Ransomware attacks are almost universally about extorting money from the victim. Recall in the article about backing up your business data where a comparison was made between your data and your physical inventory. If your business suffered a theft of a number of bicycles that may have an impact on your sales, but you probably have insurance that would mitigate the financial impact of the stolen inventory. The loss of data would have the same impact on your business, perhaps even more so, but likely there would be no insurance to ease the financial impact or cover the ransom payment.
Protection against ransomware attacks utilizes the same tactics as protecting against hacking. Unfortunately, cleaning up after a ransomware attack is much more complicated than a hack. Your data is either locked or encrypted. The quickest way back is to pay the ransom demanded.
On the other hand, depending on how long ago the ransomware attack was, and how often you are doing backups, you may be able to recreate your data set from a previous backup assuming that backup was not affected by the ransomware. (Remember the 1-2-3 rule. If you aren’t sure go back to the article on backups.)
As with a hack, a ransomware attack should be reported to the authorities. In fact, that may become a moot point as many ransomware attacks become known because a specific company probably has become paralyzed because their data is locked up.
Should you pay the ransom? Most law enforcement agencies say no. A recent survey by CSO of businesses across different industries shows that 66 percent of the respondents say they would never pay a ransom. In a separate survey it was found that 65 percent of companies that suffered a ransomware attack paid the ransom.
Ransomware is a big business. In 2019 ransom payments were estimated to be $7 billion in paid ransoms and time/business lost. This represents a 15X increase over what was determined in 2017. Big ransoms and the large companies involved make the news, and those payments are sometimes in the millions of dollars. Today, the majority of large ransomware demands are in cryptocurrencies making tracing the money and who gets it more difficult.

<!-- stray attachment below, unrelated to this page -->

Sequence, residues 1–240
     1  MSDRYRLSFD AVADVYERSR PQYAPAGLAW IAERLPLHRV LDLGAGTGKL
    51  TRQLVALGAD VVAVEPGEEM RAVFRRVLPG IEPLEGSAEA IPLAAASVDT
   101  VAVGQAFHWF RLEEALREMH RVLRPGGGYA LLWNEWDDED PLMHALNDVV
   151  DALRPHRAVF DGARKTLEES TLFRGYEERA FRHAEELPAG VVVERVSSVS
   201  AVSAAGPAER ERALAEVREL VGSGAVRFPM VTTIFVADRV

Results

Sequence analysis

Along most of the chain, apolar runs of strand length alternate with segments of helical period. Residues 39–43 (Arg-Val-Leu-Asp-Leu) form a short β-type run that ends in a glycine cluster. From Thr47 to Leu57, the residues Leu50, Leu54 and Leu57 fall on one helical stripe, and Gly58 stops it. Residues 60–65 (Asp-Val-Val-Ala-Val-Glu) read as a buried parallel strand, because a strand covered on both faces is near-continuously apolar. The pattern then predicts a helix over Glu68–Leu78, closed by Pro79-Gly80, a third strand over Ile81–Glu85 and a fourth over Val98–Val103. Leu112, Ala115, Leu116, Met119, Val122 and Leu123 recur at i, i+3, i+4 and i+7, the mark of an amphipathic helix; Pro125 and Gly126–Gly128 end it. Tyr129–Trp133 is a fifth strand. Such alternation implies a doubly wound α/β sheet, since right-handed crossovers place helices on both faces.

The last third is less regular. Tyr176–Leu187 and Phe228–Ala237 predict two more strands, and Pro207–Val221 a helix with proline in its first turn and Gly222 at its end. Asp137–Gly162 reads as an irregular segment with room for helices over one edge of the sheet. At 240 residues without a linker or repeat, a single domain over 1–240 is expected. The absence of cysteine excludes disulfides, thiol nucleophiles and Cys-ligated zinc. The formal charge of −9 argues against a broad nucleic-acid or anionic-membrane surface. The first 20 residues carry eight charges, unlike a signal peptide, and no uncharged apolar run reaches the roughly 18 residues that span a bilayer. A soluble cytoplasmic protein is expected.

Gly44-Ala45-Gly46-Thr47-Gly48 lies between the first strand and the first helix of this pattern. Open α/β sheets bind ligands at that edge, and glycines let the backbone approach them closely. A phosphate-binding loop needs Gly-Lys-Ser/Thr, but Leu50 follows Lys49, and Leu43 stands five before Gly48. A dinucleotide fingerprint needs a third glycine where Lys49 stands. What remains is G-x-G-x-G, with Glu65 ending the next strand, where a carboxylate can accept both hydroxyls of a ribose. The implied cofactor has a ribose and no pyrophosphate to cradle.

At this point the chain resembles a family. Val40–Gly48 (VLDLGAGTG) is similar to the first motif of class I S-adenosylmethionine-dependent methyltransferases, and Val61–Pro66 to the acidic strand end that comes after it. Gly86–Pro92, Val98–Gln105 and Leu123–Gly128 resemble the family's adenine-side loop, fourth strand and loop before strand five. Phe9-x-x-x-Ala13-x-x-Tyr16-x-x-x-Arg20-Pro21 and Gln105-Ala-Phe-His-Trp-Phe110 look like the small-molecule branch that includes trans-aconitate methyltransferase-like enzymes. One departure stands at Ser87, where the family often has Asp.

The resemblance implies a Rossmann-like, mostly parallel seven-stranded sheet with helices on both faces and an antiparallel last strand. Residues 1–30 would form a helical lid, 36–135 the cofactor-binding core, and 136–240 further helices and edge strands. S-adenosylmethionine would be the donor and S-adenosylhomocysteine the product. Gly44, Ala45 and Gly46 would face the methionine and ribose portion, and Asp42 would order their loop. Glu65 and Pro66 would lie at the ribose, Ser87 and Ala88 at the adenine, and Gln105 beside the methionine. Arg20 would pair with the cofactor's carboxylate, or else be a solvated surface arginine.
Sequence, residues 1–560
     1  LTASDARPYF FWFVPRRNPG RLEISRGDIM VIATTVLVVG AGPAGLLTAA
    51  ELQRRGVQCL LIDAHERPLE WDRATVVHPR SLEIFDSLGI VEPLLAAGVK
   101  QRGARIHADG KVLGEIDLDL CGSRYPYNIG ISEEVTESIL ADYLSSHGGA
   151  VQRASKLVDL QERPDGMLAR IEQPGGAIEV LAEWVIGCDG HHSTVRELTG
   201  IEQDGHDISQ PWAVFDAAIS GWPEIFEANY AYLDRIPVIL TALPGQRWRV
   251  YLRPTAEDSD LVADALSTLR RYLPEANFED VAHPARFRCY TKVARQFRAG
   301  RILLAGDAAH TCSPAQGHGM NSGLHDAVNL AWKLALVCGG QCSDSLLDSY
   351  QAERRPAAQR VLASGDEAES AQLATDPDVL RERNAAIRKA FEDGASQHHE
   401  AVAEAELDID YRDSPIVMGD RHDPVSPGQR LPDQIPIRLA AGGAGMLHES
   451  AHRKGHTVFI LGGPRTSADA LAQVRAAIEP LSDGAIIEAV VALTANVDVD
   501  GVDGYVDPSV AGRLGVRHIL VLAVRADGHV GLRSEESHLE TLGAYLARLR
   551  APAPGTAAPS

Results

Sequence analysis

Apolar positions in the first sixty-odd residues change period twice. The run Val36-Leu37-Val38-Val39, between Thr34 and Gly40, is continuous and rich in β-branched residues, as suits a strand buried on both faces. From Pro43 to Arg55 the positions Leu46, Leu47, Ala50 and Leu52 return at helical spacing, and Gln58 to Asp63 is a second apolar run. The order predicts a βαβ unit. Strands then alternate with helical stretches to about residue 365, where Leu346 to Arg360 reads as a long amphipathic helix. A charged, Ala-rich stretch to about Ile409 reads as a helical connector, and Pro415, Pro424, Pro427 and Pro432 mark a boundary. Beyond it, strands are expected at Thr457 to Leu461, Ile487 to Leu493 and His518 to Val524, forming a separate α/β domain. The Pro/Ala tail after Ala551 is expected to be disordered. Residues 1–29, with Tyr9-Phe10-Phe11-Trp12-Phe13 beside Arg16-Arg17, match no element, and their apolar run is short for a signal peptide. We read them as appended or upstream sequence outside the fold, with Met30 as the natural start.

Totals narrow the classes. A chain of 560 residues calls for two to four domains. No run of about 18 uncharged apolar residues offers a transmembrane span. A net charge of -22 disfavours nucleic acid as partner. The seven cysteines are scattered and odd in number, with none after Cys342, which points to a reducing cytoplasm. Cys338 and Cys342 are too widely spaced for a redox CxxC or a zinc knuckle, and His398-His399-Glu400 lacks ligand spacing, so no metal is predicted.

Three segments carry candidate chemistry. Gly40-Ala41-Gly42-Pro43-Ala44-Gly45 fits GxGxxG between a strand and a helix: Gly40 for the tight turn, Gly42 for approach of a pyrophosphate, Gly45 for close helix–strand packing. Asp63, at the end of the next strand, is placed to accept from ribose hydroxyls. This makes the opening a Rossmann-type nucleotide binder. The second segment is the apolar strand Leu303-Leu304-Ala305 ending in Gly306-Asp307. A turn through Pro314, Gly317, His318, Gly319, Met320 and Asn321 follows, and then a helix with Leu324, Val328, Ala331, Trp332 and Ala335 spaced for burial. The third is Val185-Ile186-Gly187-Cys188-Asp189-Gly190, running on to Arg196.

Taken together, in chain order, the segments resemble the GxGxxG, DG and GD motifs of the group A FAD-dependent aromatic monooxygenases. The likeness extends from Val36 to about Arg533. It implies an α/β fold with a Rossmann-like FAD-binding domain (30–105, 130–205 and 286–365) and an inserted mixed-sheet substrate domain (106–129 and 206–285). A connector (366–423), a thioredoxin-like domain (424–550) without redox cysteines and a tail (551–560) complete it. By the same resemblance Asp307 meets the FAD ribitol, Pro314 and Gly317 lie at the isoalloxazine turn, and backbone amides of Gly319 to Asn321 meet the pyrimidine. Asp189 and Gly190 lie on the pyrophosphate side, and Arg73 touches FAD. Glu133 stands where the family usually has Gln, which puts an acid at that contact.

On the other hand, most ransomware demands are against smaller companies in the range of $2,000 to $2,500 ransom. The payment of a ransom is often determined by a cost-benefit analysis of the amount of the ransom versus the lost time and business, making these smaller amounts more palatable, and mostly explains the 65 percent payment number above. Still here is the part of the equation that usually gets overlooked. Once a cybercriminal finds out you’ll pay, they probably will be back.
Leakware is an offshoot of ransomware. This starts with a ransomware attack, with the attacker threatening to make public personal information from the data unless a ransom is paid. The exposure of confidential data often makes the targeted company nervous about possible liabilities and makes them susceptible to paying the ransom.
The protections and protocols mentioned above concerning hacking and ransomware apply to leakware as well.
The above threats come mostly from external sources. There are other dangers to your business data as well from internal and natural sources. I’ll address those in the next article in this series.
Regardless, the best defense for any of these threats is to not become a victim. The procedures and protocols that have been discussed in this series will help to preclude a successful attack. Your systems administrator should be taking proactive steps to protect your systems and data. Make sure you have that discussion with them.
Questions? Comments? Contact Steve Bina: firstname.lastname@example.org